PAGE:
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Impact to the bioanalytical community of the FDA issuance of the draft guidance on biomarker qualification: evidentiary framework

The FDA released a Draft Guidance in December (2018) on the evidentiary framework and standards required to achieve qualified biomarkers.  It is intended to cover a regulatory gap related to the use of biomarkers outside of specific drug programs.  As such, this Draft Guidance supports the Qualification of Drug Development Tools section (507) of the 21st Century Cures Act enacted on December 13, 2016 and provides the framework for developing the data set (evidence) supporting designation of a biomarker as qualified for a particular context of use (COU). Within this context of use, the qualified biomarker, “…can be relied on to have a specific interpretation and application in drug development and regulatory review…” While biomarkers measured by medical devices are outside the scope of the Draft Guidance, the Agency broadens the practical scope beyond qualified biomarkers to include the evidence needed to support the use of biomarkers in INDs, NDAs and BLAs:

“Many principles discussed in this guidance could also be appropriate when considering the evidence scientifically sufficient to support the use of a biomarker in an individual drug development program (e.g., investigational new drug application, new drug application, or biologics license application submissions).”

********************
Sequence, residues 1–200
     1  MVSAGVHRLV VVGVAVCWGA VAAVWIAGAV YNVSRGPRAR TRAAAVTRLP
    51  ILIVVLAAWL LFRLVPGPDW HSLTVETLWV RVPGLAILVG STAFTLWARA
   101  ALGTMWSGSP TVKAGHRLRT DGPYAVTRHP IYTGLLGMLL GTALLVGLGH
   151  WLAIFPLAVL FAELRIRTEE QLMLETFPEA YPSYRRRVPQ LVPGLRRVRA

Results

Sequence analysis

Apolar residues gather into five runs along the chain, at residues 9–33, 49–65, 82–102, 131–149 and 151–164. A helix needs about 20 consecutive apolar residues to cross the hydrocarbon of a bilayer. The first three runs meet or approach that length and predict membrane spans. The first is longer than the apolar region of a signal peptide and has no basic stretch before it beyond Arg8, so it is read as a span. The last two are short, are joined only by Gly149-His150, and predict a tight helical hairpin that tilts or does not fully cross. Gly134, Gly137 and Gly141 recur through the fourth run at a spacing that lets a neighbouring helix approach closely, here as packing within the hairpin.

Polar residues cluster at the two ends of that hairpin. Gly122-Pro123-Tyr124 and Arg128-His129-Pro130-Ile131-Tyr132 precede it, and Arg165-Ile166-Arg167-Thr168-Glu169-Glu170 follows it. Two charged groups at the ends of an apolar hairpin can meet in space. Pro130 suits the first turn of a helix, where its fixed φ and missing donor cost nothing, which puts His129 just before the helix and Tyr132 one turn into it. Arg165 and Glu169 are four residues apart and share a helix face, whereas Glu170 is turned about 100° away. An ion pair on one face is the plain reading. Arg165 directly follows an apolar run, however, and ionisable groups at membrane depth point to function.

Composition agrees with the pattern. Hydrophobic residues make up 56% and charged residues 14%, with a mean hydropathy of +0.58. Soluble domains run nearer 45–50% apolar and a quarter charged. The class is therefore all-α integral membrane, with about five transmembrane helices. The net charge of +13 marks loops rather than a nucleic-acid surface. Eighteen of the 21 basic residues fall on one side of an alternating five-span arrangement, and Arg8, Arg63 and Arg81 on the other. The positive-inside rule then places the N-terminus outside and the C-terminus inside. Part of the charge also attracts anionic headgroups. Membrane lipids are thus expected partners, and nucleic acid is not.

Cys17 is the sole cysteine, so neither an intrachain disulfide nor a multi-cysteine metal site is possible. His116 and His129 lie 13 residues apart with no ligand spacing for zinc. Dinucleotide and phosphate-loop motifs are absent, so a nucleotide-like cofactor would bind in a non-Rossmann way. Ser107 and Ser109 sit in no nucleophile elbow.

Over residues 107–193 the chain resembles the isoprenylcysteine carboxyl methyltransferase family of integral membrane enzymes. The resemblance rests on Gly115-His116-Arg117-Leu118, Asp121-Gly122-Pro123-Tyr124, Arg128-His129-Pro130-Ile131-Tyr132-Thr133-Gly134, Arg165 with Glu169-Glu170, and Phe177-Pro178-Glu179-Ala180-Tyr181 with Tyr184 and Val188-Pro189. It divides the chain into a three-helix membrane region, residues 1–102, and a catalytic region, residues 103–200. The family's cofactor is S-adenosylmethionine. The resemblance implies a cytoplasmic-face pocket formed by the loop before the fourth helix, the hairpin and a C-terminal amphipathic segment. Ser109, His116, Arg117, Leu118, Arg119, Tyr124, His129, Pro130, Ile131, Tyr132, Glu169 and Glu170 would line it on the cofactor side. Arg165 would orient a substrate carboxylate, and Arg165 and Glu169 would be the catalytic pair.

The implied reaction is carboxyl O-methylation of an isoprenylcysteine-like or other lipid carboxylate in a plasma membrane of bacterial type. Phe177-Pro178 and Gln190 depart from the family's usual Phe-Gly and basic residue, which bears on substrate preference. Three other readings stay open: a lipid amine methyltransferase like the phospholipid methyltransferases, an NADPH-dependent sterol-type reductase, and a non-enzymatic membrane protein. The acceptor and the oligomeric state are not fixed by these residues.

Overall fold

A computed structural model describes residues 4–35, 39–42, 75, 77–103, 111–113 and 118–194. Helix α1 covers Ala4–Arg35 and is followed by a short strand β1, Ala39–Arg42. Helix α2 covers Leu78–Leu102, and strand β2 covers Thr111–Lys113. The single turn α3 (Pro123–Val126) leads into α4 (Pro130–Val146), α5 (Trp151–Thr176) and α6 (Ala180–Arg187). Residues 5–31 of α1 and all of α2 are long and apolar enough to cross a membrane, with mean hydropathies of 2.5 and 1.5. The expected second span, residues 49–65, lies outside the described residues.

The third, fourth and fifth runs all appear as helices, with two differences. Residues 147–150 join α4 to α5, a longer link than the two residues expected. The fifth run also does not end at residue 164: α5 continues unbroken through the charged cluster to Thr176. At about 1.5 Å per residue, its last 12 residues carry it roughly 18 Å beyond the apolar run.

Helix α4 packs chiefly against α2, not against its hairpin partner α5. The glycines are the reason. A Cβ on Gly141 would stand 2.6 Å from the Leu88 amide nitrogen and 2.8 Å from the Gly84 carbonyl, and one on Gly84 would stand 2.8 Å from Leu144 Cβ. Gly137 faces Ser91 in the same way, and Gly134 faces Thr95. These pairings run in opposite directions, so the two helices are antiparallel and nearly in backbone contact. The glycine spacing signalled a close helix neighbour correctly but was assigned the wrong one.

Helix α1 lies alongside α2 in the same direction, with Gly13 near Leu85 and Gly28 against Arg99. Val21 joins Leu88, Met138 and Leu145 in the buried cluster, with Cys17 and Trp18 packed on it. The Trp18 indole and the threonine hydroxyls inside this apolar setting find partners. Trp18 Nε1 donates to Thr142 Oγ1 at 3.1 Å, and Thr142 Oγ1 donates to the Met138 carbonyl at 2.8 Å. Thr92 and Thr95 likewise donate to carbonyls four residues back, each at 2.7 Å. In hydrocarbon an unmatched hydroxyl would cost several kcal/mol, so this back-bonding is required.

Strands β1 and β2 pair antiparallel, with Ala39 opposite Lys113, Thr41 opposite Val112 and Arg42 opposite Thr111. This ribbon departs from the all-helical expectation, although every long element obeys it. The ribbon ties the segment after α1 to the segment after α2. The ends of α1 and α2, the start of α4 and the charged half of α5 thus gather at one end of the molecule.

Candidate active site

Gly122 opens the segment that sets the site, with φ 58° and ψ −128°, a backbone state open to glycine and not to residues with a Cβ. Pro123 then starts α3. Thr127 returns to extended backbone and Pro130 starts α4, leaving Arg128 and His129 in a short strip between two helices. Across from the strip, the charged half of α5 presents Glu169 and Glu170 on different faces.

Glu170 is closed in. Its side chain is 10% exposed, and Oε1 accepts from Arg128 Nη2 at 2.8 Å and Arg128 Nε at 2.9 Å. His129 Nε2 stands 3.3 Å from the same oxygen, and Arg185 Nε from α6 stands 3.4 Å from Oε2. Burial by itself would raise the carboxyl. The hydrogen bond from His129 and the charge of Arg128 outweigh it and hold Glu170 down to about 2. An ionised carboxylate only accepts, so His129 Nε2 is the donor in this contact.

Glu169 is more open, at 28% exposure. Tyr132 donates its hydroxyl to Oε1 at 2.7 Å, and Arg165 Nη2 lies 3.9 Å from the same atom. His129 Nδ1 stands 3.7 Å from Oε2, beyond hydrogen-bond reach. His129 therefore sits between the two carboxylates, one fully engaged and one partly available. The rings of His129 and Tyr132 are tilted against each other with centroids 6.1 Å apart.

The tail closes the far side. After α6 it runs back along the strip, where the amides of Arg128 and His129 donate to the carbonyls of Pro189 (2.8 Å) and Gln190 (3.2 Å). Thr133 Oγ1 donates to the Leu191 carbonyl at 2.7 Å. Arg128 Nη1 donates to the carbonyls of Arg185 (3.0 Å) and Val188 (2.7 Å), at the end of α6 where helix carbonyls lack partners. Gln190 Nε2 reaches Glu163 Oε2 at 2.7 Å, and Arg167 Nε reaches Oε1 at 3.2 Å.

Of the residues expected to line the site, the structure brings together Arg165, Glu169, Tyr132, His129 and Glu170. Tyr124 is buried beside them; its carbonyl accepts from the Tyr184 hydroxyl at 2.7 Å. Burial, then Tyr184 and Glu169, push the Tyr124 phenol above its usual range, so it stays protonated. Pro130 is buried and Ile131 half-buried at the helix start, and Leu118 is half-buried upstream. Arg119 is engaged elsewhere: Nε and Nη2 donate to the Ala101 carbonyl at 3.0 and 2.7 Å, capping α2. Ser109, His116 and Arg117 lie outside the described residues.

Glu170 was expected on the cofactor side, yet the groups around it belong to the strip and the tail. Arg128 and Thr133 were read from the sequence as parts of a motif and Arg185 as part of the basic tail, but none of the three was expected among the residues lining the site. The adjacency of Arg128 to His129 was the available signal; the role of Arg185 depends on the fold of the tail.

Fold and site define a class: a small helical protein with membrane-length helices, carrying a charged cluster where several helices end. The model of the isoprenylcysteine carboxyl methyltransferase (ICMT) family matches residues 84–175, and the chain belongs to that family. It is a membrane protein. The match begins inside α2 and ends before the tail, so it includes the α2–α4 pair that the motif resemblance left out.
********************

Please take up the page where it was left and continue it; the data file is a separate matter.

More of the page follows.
This extension, and the language present in the latter part of the document, aligns well with last year’s FDA Final Guidance for Industry on Bioanalytical Method Validation (BMV) that for the first time brought biomarkers measured by Ligand Binding Assays (LBA) and mass spectrometry into a regulated context.

The evidentiary framework is intended to define the type and extent of evidence required to support the qualification of the biomarker.  Listed are four specific areas that must be addressed:

(1) describing the drug development need,

(2) defining the COU,

(3) considering potential benefits if the biomarker is qualified for use, and

(4) considering potential risks associated with the proposed use of the biomarker in a drug development program

The Draft Guidance addresses each of these in some detail but is not overly rigid or prescriptive in its requirements, in recognition that the vast breadth of biomarkers and their use in drug development cannot be comprehensively addressed in detail. By using the prior definitions of the FDA-NIH BEST classification of biomarkers (diagnostic biomarker, monitoring biomarker, pharmacodynamic/response biomarker, predictive biomarker, prognostic biomarker, safety biomarker, susceptibility/risk biomarker), the Draft Guidance minimizes potential inconsistencies and confusion arising from the creation of a different set of terminology.  The Draft Guidance also distinguishes the analytical validation (assay performance characteristics) from the clinical validation (correlation of the biomarker and outcome of interest).